End of Season SALE!

Save 20% in all tickets. EnterTANGOTIX at checkout. Great Seats! Free Cancellation!

Tango in the streets: I HEART Buenos Aires moments

Photo credit and copyright Rebecca Travaglia 2011


I must admit, I am still yet to see any spontaneous moments of people dancing tango on the street here - an expectation that visitors to Buenos Aires commonly have. Excluding myself (I have been known to practice boleos while waiting for the bus) it seems that impromptu outbreaks of dancing tango on street corners are a myth created from having tango buskers who frequent the infamous markets of Caminito and San Telmo.


But it is true that many porteños live and breath tango in daily life. Not necessarily by frequenting milongas every weekend or even necessarily dancing this wonderful dance, but in a way that rises up from the soul of the city´s heart and worms its way into the culture. If you have your eyes and ears open, you´ll see this through their daily interactions and, what I like to call, I HEART Buenos Aires moments - those moments which make you stop and smile and can only happen if you´re in this wonderfully alive city.


One such fine example of this happened to me during a particularly warm pre-spring day. Out on my bike, enjoying the city at a relaxed pace only achievable with a single-gear bicycle, I became aware of a rather familiar tango melody weaving its way through the traffic chaos. As tango music radiating from cars common here, I did not see any peculiarities about this particular moment and continued on my way, happy at the possibility of a soundtrack to accompany my journey. As the voice continued singing with passion and gusto, it dawned on me that there was no backing track of a bandoneon lament or mourning soulful violin. As the flow of traffic drew to a stop at a red light, a middle aged man with a sun baked face and rough work-worn hands glided past me on his cycle-rickshaw bike, singing this tango at the top of his lungs.  He gestured with a large sweep of his arm and shake of his hand to direct his love and appreciation to the sun, the cornflower blue sky and any woman pedestrian who was crossing his path (tango is, after all, about love).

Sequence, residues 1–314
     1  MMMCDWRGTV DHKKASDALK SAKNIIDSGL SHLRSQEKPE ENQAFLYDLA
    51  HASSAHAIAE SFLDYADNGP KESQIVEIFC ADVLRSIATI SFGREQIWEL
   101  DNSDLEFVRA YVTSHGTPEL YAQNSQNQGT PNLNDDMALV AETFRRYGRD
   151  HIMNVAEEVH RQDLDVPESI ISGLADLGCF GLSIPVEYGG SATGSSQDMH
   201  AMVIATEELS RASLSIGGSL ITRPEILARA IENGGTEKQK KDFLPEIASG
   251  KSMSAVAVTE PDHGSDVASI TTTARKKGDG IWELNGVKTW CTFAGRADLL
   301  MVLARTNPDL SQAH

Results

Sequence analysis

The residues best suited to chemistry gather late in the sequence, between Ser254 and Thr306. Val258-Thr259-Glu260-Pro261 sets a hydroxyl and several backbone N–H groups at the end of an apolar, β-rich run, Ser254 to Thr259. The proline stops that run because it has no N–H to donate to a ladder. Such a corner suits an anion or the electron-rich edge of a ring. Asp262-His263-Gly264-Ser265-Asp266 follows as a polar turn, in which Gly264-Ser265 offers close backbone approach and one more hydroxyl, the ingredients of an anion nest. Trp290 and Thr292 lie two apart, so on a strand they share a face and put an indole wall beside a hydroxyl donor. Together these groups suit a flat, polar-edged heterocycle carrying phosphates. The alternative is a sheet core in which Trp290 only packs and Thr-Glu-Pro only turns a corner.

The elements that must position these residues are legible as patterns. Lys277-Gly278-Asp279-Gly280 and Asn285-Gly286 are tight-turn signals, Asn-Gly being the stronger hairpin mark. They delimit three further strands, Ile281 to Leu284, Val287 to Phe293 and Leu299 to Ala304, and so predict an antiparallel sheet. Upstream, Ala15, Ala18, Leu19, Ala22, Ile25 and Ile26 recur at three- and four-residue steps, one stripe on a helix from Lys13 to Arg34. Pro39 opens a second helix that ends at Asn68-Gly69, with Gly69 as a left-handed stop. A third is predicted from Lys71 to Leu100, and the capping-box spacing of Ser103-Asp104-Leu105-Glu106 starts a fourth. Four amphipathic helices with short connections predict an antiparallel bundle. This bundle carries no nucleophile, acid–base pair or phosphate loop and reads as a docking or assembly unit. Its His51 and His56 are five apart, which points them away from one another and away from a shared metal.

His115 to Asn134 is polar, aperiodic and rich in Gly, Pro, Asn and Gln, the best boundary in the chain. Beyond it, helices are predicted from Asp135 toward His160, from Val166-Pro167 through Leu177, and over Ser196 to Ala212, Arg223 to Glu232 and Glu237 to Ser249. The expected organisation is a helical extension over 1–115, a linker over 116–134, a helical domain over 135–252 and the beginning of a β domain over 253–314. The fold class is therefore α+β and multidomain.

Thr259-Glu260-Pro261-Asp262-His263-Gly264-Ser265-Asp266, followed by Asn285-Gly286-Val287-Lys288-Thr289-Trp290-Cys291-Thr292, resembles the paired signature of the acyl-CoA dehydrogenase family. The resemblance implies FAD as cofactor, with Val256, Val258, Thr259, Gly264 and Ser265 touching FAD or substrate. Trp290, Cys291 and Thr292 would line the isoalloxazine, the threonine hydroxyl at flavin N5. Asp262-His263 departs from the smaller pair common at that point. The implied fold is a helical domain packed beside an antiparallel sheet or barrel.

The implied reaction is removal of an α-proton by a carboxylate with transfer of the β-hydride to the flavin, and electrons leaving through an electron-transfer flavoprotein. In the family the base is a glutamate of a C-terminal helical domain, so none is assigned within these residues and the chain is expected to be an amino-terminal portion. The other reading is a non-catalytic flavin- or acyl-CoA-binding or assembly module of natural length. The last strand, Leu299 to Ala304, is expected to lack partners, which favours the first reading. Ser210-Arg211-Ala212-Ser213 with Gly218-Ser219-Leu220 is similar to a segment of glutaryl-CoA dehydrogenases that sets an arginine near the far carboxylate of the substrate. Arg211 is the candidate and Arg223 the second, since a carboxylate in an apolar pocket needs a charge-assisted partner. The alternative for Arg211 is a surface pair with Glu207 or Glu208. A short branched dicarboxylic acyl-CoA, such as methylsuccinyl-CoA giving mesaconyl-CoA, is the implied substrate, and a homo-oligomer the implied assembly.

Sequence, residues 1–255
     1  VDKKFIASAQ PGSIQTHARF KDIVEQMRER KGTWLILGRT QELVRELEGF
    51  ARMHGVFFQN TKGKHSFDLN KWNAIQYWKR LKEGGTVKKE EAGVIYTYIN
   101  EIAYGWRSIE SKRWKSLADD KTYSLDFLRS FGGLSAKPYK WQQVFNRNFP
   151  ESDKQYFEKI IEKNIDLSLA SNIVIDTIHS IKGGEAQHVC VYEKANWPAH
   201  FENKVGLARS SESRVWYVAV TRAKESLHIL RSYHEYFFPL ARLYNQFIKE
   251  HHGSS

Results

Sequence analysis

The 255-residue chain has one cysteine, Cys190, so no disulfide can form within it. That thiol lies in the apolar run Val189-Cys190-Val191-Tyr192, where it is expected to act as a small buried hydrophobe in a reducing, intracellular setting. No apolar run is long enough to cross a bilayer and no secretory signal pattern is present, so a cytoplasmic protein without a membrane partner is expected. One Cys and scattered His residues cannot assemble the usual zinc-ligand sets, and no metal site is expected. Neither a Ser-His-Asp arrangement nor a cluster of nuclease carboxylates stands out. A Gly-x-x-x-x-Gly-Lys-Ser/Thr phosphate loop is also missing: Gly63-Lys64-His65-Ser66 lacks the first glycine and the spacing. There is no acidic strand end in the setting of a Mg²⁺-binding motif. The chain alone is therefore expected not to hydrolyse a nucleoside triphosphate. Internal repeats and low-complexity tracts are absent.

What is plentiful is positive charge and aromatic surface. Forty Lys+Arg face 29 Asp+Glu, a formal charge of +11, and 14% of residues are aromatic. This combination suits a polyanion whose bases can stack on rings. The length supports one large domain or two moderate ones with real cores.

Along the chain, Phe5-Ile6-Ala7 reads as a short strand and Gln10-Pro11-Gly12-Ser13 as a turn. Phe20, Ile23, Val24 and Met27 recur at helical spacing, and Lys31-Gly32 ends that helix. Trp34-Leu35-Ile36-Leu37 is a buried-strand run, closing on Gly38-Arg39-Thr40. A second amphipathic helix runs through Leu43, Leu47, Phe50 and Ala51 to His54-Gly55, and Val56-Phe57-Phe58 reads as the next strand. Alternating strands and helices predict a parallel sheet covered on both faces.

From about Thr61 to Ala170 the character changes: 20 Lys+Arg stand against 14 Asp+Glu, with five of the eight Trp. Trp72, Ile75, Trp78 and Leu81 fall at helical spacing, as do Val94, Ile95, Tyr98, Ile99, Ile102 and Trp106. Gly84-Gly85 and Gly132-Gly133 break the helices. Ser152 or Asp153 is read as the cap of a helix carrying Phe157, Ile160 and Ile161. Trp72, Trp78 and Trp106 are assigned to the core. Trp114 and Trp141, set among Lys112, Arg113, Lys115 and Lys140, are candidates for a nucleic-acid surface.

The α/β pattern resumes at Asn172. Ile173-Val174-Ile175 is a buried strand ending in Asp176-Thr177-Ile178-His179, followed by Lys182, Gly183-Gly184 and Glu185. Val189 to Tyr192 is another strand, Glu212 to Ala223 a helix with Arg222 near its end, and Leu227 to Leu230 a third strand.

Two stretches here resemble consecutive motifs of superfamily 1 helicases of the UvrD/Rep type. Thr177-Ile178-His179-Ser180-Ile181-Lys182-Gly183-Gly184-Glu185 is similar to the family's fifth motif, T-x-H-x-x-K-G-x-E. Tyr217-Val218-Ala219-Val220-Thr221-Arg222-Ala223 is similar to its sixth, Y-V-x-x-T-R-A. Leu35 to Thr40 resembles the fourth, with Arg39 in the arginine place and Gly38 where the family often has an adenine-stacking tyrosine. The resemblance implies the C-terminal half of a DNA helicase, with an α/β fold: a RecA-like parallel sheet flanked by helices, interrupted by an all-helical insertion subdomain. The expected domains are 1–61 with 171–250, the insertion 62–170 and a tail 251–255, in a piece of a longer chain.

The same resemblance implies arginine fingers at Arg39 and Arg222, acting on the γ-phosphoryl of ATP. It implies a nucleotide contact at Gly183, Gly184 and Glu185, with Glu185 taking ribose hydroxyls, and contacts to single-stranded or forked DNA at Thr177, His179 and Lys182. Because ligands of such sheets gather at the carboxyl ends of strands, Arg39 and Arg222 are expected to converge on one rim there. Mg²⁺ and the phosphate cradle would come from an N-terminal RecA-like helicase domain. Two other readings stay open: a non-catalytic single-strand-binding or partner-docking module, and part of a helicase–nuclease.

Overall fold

As the light turned green, he continued on his way down the busy city avenue singing loudly and seemed blissfully at peace despite the loud and obvious large city going ons that were all around him. How happy he seemed with only his bike, the sun and, of course, tango. After all, this city is all about romancing and if its residents can add romance to a trip down a busy avenue, it signifies that there is something special in their veins.


As a visitor to Buenos Aires, it´s easy to think that tango is only alive in the milongas and dance halls. However, it is not unusual to see old transistor radios tinkling out the tango-only station from the sill of a shuttered window during Sunday mornings. During a taxi-ride home, a friend mentioned to the driver that she was heading to a small barrio milonga and he launched into an excited monologue of how he knows and admires the DJ of the milonga, how much the music of tango speaks to him as a porteño, how he enjoys meeting those people who come to the city to experience it and would she like two free entries to several of the milongas that were happening this week?


Tango started in the barrio and there its heart remains, in the eyes of the old man you sit next to on the bus, in the heart of the gorgeously wrinkled woman sitting next to you on the subte, in the veins of the two gentlemen playing chess in the park on a Saturday, in the connection between generations as the young discover the vinyl of their parents, in the couple kissing in the doorway, and in the gatherings of young folk who can surprise you with their knowledge of and appreciation for the tango of old. Watch out for the tango, it hides in the simplest of places. 


There are no comments yet

Leave a comment

Comments have to be approved before showing up